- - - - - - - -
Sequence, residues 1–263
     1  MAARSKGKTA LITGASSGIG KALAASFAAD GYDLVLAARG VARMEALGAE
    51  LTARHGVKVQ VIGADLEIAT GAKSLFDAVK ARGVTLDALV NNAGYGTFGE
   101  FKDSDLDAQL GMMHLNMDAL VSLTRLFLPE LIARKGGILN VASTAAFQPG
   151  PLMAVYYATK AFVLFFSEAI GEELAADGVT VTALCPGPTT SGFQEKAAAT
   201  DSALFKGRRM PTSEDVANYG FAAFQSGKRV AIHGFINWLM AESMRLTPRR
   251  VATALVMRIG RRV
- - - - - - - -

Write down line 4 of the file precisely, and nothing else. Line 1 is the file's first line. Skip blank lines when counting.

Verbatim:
   101  FKDSDLDAQL GMMHLNMDAL VSLTRLFLPE LIARKGGILN VASTAAFQPG